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Simpler Way To Do This?

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Okay, given the tetris thing was a bit complex I decided to try tic-tac-toe. Anyway, I seem to have encountered a similar issue I did with my last two attempts at a game: something being more complex than it should be. Now this isn't that complex, but I have set up a function called Won to check if a player has won the game on thier move. It looks like this:
bool Won()
{
	int x = 1;
	if(player == two) ++x;
	if(boardarray[0][0] == x && boardarray[1][1] == x && boardarray[2][2] == x) return true;
	if(boardarray[0][2] == x && boardarray[1][1] == x && boardarray[2][0] == x) return true;
	if(boardarray[0][0] == x && boardarray[0][1] == x && boardarray[0][2] == x) return true;
	if(boardarray[1][1] == x && boardarray[1][1] == x && boardarray[1][1] == x) return true;
	if(boardarray[2][0] == x && boardarray[2][1] == x && boardarray[2][2] == x) return true;
	if(boardarray[0][0] == x && boardarray[1][0] == x && boardarray[2][0] == x) return true;
	if(boardarray[0][1] == x && boardarray[1][1] == x && boardarray[2][1] == x) return true;
	if(boardarray[0][2] == x && boardarray[1][2] == x && boardarray[2][2] == x) return true;
	return false;
}

This works out great in this case, but in a more complex problem, like say if it was a 5 X 5 board, it would be an exponentially larger function. Is there a different way that I should approac this? Rather than individually checking each possible way of winning is there some kind of formula that I should use?

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Yes. First, you want to check if there is a row in which all the x's/o's line up. So a simple for loop will do. Ditto for the columns. And then the diagonals (aka all boardarray[i][i]).

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Quote:
Original post by yaroslavd
Yes. First, you want to check if there is a row in which all the x's/o's line up. So a simple for loop will do. Ditto for the columns. And then the diagonals (aka all boardarray[i][i]).


Hmm..it either had something to do with a loop or a class. How would that work with the diagonals though?

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to be honest, that's probably not too bad. I mean, it's straight to the point, and with Tic Tac Toe, there's not going to be any expansion.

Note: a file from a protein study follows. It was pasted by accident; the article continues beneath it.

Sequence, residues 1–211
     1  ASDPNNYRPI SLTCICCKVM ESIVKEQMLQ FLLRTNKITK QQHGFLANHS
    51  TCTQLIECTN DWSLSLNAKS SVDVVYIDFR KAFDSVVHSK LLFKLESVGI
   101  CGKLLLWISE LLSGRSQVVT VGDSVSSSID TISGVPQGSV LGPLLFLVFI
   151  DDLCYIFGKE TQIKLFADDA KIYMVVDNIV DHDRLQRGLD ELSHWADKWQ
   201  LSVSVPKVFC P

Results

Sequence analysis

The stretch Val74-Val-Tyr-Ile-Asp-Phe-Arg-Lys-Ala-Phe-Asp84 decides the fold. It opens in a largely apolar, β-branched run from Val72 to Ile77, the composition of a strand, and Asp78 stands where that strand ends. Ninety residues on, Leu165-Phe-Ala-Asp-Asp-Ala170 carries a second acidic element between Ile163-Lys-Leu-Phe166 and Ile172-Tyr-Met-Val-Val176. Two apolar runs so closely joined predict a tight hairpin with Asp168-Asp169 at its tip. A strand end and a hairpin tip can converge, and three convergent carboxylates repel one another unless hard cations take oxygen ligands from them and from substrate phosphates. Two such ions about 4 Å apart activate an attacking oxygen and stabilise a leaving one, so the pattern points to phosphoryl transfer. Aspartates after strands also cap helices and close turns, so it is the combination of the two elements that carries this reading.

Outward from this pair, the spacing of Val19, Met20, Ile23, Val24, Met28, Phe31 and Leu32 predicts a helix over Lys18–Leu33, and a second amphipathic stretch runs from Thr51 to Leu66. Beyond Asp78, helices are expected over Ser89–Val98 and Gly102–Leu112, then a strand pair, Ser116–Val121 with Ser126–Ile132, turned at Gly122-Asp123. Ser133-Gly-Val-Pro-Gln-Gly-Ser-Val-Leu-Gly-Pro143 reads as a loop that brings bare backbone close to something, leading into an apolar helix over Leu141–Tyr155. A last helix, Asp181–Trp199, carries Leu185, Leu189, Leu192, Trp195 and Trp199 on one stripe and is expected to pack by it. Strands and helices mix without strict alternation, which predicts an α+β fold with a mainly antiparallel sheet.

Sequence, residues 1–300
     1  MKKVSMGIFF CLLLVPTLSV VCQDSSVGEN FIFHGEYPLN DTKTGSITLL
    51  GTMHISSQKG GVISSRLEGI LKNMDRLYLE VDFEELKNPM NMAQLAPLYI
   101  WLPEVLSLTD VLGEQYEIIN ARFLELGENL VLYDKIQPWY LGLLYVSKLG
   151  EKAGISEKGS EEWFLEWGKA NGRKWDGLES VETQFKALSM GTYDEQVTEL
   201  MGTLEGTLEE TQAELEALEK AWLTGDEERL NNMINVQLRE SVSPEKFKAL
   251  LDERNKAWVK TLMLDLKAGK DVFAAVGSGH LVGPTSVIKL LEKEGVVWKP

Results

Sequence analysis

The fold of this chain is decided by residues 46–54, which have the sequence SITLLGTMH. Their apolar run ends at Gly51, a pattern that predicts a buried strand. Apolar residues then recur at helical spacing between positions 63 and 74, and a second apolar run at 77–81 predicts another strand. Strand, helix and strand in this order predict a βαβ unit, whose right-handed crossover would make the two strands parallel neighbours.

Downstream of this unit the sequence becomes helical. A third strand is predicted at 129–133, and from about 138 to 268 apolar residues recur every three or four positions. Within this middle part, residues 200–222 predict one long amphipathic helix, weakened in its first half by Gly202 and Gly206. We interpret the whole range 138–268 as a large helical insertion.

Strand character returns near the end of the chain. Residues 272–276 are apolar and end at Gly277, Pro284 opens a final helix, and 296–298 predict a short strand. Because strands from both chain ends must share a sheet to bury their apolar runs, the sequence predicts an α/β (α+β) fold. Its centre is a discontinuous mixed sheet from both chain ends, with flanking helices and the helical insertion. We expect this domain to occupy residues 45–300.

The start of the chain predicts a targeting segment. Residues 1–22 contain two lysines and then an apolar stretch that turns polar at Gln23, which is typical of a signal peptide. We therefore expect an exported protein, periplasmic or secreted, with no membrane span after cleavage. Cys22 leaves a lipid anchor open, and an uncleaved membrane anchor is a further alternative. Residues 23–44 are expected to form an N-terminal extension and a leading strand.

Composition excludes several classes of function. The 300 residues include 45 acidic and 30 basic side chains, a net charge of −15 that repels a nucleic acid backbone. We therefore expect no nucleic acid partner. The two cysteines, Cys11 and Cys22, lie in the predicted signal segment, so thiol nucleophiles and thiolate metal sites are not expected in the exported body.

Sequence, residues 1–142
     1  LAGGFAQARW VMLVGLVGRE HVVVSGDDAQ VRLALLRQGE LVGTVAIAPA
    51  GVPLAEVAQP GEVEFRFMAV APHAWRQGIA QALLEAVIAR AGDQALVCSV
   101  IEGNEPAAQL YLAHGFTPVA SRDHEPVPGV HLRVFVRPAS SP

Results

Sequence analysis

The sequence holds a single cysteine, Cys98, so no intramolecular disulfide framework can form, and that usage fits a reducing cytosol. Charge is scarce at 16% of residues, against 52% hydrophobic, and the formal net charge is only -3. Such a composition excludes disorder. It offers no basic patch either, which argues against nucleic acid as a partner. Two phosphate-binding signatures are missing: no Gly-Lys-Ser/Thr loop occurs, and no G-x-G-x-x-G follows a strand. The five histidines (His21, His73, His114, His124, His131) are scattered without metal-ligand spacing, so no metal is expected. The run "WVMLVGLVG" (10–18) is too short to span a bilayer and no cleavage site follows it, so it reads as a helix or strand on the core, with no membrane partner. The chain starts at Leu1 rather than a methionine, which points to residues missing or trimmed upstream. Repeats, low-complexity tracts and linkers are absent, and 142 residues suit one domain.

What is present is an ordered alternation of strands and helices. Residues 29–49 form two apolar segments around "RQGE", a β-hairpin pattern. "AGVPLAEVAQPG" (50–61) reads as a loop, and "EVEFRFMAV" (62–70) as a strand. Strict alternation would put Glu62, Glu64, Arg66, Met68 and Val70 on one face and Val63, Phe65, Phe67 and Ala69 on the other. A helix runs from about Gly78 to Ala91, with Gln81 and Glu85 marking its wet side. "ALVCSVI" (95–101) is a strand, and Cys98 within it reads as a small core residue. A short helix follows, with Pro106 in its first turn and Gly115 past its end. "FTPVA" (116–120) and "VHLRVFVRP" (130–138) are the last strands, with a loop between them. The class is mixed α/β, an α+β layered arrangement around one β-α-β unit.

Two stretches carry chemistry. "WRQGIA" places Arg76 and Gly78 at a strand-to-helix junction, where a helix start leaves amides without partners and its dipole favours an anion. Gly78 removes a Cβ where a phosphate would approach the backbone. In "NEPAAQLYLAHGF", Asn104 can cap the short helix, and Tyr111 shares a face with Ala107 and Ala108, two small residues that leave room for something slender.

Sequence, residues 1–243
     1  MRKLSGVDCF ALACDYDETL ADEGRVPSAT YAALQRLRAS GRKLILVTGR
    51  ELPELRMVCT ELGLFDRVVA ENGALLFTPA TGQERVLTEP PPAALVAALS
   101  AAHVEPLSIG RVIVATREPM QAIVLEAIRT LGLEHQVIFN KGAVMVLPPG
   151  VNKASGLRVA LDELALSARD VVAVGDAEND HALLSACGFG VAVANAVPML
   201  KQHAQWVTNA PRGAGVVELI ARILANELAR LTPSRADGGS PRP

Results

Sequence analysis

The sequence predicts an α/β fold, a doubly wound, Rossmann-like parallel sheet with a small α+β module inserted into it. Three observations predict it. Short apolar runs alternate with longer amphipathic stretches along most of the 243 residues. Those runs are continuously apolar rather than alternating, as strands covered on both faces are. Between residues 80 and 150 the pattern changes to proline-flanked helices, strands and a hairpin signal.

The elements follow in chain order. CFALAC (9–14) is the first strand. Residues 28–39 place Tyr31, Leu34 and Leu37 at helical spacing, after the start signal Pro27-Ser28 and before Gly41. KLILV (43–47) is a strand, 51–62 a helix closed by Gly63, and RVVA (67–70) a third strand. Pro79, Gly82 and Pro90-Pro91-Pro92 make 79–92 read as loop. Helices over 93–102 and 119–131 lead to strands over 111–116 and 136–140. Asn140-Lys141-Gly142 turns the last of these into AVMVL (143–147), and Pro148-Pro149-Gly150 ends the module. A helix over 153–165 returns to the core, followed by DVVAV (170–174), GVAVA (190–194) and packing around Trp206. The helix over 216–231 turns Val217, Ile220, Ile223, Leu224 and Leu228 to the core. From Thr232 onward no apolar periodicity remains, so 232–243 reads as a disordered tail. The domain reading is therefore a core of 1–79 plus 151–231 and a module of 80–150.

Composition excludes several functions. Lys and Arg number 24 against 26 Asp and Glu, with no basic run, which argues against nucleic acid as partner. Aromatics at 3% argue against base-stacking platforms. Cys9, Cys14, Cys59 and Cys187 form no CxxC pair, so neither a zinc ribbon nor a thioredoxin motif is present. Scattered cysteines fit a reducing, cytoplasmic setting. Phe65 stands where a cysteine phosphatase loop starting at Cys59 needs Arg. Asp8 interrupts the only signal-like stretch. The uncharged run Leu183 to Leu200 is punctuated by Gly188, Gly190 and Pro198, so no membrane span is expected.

However, I recall one method, where you give each square a number value, so the entire thing is a magic square (value of 15, I think). Then you add up each column and row for each x, and if any of them equal 15, you have a winner. Diagonals are special cases. That one's scalable, although from memory, Tic Tac Toe doesn't really work for 4x4 or 5x5 grids.

... I just checked a few things, and I think the reason you do this is for more advanced AI.

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Quote:
Original post by _goat
to be honest, that's probably not too bad. I mean, it's straight to the point, and with Tic Tac Toe, there's not going to be any expansion.

However, I recall one method, where you give each square a number value, so the entire thing is a magic square (value of 15, I think). Then you add up each column and row for each x, and if any of them equal 15, you have a winner. Diagonals are special cases. That one's scalable, although from memory, Tic Tac Toe doesn't really work for 4x4 or 5x5 grids.

... I just checked a few things, and I think the reason you do this is for more advanced AI.


Hmm..that's very interesting. Don't really understand that..but I'll take your word for it.

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Quote:
Original post by BringBackFuturama
Hmm..it either had something to do with a loop or a class. How would that work with the diagonals though?


Try coding it for the columns and the rows. That should give you a clue as to what you'll need to do for the diagonals. And I imagine you'll learn more from figuring it out yourself than you would from having someone just give you the code.

_goat's solution is interesting, but unnecessarily complicated for what you want to do. You're already on the right track.

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Since I'm bored:
bool checkWon(int piece)
{
int r, c;
bool won;

// check rows
for (r = 0; r < 3; r++) {
won = true;
for (c = 0; c < 3; c++)
if (board[r][c] != piece) won = false;
if (won) return true;

}

// check columns
for (c = 0; c < 3; c++) {
won = true;
for (r = 0; r < 3; r++)
if (board[r][c] != piece) won = false;
if (won) return true;

}

// check diagonals
won = true;
for (r = 0, c = 0; r < 3; r++, c++) {
if (board[r][c] != piece) won = false;
}
if (won) return true;

won = true;
for (r = 0, c = 2; r < 3; r++, c--) {
if (board[r][c] != piece) won = false;
}
if (won) return true;

return false;
}

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